Holden has confirmed it will offer its NG Commodore Sportwagon with its Australia-only petrol V6 and all-wheel drive powertrain that aims for Volkswagen Passat R36 grunt.
According to the brand it is “bringing sexy back” to wagons with the New Generation (NG) Holden Commodore Sportwagon unveiled overnight alongside its Opel Insignia Sports Tourer near-twin.
We say ‘near-twin’ because Opel versions will not score the 230kW/370Nm 3.6-litre V6 engine – an updated version of the VF Series II engine with higher outputs and cylinder shutdown tech – combined with a ‘twinster’ all-wheel drive system and nine-speed auto.
The highlight of the new Sportwagon design is arguably its sweeping silver roofline trim that extends from the A-pillar over its six-window design and intersects with the tail-lights. The line then extends into the concave and 3D-esque tail-lights themselves, which have more than a hint of Peugeot about them – arguably again, in a good way.
A wide and square number plate surround, meanwhile, is reminiscent of an Audi A6 Avant.
Compared with the VF Series II Commodore Sportwagon the narrower NG loses 360 litres of maximum boot space, which now totals 1640L with the rear seat folded flat. Still, that’s 47L greater volume than the Mazda6 Touring.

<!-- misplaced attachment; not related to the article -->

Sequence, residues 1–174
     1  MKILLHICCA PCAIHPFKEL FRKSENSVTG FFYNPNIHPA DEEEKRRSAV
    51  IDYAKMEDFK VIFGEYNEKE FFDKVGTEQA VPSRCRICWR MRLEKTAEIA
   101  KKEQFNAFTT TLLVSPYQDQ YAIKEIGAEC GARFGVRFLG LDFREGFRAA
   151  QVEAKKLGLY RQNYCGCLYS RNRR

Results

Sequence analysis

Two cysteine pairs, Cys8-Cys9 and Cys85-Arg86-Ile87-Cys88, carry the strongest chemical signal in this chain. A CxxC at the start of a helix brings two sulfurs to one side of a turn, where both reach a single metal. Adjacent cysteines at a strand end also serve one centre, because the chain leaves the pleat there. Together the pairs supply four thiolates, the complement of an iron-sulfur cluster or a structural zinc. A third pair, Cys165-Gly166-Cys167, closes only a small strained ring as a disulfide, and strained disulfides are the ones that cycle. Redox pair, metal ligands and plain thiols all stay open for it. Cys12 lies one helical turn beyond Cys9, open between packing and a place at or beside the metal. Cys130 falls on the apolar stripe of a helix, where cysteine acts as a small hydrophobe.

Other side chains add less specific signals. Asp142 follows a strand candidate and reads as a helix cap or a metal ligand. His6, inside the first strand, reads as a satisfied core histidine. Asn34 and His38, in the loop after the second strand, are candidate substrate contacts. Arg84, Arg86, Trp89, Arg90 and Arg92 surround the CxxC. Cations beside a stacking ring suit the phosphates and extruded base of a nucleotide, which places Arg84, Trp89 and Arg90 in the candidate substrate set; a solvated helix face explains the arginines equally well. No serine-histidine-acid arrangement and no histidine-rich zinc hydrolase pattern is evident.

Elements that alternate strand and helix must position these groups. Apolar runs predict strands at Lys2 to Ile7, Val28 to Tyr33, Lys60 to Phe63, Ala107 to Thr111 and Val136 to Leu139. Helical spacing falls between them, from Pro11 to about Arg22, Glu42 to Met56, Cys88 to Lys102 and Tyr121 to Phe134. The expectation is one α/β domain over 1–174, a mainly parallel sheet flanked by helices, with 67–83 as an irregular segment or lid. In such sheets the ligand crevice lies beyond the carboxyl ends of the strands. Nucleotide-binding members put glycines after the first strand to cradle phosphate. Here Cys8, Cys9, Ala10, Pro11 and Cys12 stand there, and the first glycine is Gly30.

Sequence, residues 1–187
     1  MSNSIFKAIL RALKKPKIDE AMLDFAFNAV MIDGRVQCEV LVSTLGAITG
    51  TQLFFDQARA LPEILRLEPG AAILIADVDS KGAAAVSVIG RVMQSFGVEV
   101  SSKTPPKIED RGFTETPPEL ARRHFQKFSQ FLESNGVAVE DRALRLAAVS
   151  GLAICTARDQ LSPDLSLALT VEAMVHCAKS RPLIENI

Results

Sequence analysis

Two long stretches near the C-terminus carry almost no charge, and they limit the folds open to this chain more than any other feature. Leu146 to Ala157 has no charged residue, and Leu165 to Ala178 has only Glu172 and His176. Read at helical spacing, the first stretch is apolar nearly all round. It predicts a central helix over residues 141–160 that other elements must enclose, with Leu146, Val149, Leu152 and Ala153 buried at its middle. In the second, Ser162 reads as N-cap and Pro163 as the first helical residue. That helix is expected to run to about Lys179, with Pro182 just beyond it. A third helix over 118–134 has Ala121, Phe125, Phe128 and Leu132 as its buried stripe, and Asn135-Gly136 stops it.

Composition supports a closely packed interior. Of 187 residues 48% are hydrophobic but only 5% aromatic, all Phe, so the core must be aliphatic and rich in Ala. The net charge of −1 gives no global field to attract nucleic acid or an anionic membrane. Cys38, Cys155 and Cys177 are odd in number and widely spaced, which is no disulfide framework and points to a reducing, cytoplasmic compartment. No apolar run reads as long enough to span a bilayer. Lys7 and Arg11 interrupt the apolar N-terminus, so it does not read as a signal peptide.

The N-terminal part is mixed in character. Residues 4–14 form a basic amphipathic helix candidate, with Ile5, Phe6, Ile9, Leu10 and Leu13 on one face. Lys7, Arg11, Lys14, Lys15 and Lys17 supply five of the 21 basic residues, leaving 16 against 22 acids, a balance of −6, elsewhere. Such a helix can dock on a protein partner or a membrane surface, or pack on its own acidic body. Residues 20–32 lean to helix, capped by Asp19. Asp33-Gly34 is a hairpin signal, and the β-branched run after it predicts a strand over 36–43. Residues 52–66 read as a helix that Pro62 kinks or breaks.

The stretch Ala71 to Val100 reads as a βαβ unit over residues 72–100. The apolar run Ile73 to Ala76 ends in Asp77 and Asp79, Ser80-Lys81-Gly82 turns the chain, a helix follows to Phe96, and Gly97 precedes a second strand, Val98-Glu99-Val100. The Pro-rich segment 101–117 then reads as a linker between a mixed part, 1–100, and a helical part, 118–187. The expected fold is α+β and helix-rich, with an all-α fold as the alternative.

The tailgate also not only adds electric opening – a first for the nameplate – but additionally a ‘kick to open’ function, which allows a foot to be waved under the rear bumper, and a 40:20:40 split-fold backrest.
Other firsts for the Commodore will include autonomous emergency braking (AEB), adaptive cruise control, lane-keep assistance, IntelliLux LED matrix headlights with auto high-beam, heated rear seats, and ventilated front seats with massage function.
And of course all-wheel drive. According to details just released by sister brand Opel, the ‘twinster’ design “can apply torque to one or both of the rear wheels independently, enabling torque vectoring capability across the car’s full performance range.”
“When cornering, higher torque is sent to the outside rear wheel, inducing rotation around the vertical axis (yaw) – the Insignia turns in with more precision, responding more spontaneously to inputs from the driver.”
Apparently the twin-clutch (hence the name) differential-less design – the same as that used in the oversteer-able Focus RS – reacts with two driver-select presets, Normal and Sport, the latter prioritising “sportier behaviour.”
Holden is promising weight reductions of around 200kg on the switch from Australian-made VF Series II to German-built NG – from 1717kg to 1866kg to around 1517kg to 1666kg.
Given that a 1615kg BMW 330i Touring claims 0-100km/h in 6.0 seconds with 185kW/350Nm, the more powerful and torquier Sportwagon should be at least as brisk.
April’s Geneva motor show will mark the public debut of both sedan and wagon versions of the Insignia, giving us a first look at what will become our Holden Commodore in 2018.